Indigenous People United! Stop Christy Clark’s mining and pipelines

Report back from the Indigenous Assembly against Mining and Pipelines where community members are gathering knowledge, strategizing, sharing, and expressing their truths.

From November 4-7 the 2nd Indigenous Assembly against mining and pipelines was held in Vancouver, unceded Coast Salish Territories. In response to the pro-mining “Meeting Minds, Making Mines” conference hosted by the Canadian Aboriginal Mining Association (CAMA), affected communities gathered to share and strengthen strategies. Christy Clark is promising 8 new mines in BC and an expansion of 9 existing ones. In the same breath she commits to 10 new non-treaty agreements (payoffs that skirt Aboriginal Title and Rights) to guarantee economic security. They know full well that if they are unable to divide the communities by paying off willing members they will be slowed down by community consultation processes.

On November 6 the Assembly took to the streets. We started at the Occupy Vancouver site outside the Vancouver Art Gallery where nations publicly requested permission from the Coast Salish people to do our advocacy work in their territories. Cease Wyss welcomes us
Ta’kaiya Blaney reads the Statement from the Second Indigenous Assembly Against Mining and Pipelines on behalf of members of the impacted communities of the Saliammon, Secwepemc, Wet’suwet’en, St’at’imc, Tsimshian, Dakelh, Carrier, Nuxalk, Tla-o-qui-aht, Haida Gwaii, Nak’azdli, Nlaka’Pamux, Siksika, Ahousaht, Ktunaxa, and Sayisi Dene.

The plans of Christy Clark and the BC government to push mining (including eight new mines in four years) and pipeline developments into unceded Indigenous territories will fail. We are opposing these plans and will be protesting the Provincial and Federal Government for continually violating inherent Aboriginal Rights and Title.

The BC government also hopes to proceed with a plan of signing ten non-treaty agreements to create economic certainty for corporations. But Clark’s government has no jurisdiction to pursue her economic agenda without free, prior, and informed consent because we – grassroots Indigenous peoples – legally, politically, economically, spiritually, culturally, and inherently maintain Aboriginal title and jurisdiction over our territories.

The promoters of the exclusive “Meeting Minds, Making Mines” Conference give the false impression that mining has broad support from Indigenous Peoples. But there are only a small number of Indigenous Peoples benefiting from industrial developments. The meagre share of profits and the few jobs that are promised by corporations and the government are not worth the devastating impact on our water, salmon, food base, spiritual sites, cultural well-being, traditional livelihoods, children and future generations. Indigenous Peoples are disproportionately impacted by industrial development with high rates of toxic waste, pollution and ill health in our communities, as well as systemic poverty through the encroachment into and destruction of our territories.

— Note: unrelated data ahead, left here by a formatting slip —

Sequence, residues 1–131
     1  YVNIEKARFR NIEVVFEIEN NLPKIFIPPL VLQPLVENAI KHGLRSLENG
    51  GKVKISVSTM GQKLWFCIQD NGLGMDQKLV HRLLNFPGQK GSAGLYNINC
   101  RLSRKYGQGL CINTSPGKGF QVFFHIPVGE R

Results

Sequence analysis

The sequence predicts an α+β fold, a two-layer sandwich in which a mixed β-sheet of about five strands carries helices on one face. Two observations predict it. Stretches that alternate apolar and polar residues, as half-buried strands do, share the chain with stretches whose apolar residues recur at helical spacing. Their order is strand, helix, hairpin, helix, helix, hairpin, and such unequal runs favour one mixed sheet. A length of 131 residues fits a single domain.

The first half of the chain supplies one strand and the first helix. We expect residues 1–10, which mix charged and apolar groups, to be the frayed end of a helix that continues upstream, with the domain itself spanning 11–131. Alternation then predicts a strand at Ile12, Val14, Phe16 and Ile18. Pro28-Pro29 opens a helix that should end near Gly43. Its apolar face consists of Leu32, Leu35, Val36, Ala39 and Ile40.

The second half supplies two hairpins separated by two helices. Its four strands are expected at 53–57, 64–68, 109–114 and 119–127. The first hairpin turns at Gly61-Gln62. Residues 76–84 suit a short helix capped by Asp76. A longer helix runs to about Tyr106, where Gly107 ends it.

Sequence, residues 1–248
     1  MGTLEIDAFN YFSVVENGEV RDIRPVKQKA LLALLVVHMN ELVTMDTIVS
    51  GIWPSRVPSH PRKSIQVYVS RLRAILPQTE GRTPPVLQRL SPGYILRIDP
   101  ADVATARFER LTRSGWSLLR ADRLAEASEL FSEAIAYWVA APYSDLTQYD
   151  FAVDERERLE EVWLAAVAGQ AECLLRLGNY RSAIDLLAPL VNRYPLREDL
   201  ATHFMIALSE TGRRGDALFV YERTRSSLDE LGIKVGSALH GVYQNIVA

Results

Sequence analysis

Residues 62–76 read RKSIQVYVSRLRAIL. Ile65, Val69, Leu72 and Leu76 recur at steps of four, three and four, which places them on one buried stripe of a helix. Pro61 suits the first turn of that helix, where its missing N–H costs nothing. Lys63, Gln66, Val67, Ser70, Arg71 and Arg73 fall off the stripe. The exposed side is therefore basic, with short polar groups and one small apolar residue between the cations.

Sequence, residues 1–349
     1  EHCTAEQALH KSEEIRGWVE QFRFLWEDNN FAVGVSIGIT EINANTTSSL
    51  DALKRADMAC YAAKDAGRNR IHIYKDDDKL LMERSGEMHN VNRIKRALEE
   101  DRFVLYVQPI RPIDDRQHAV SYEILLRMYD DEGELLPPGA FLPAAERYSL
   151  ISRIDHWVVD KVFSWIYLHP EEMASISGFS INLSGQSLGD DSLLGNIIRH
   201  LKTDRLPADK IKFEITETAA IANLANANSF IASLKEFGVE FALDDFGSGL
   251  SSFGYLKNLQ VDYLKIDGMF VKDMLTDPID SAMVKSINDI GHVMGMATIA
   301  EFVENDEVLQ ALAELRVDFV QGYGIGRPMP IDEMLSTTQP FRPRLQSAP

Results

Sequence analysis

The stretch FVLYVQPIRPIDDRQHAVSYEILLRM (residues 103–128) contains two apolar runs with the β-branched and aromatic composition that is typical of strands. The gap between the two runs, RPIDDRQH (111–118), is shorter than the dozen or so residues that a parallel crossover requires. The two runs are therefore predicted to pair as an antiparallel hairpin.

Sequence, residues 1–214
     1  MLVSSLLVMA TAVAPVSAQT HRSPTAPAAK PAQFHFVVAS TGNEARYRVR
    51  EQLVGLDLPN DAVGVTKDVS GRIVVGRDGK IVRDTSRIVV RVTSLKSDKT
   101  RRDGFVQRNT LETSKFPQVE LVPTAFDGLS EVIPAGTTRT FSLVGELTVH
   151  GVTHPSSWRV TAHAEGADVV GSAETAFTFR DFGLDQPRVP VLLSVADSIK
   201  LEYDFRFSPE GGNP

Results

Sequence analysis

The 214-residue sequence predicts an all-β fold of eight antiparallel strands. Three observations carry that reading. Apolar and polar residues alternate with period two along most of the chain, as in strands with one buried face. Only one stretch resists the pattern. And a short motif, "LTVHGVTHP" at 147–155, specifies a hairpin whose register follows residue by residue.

For this reason, we reject the short-term interests of profit that motivates those mining and pipeline developments that are trespassing on our unceded Indigenous lands. We are Indigenous People United Stopping Pipelines and Mining!

Occupy Vancouver that was in somber spirits after a young woman passed away the afternoon before from an overdose but they rallied around the assembly regardless lending their bodies to our gathering. More than 400 people marched past Taseko Mines and Imperial Metals to the CAMA conference opening reception. Along the way impacted communities were given the opportunity to deliver messages to the companies threatening their streams and land bases.

Video highlights, music and photos from the rally from Vancouver Media Co-op Full Article

More video highlights from the Indigenous Assembly Against Mines and Pipelines rally

Mel Bazil (Wet’suwet’en) speaks outside the Canadian Aboriginal Minerals Association reception, talks on the subscribers of the pipelines and the community affects.

The assembly came to a close with a community panel held near Commercial Drive and the members of the assembly returned home to continue their work in their communities with full hearts and fires burning bright.

Marika Swan, Tla-o-qui-aht Nation
Manager. Redwire Native Media
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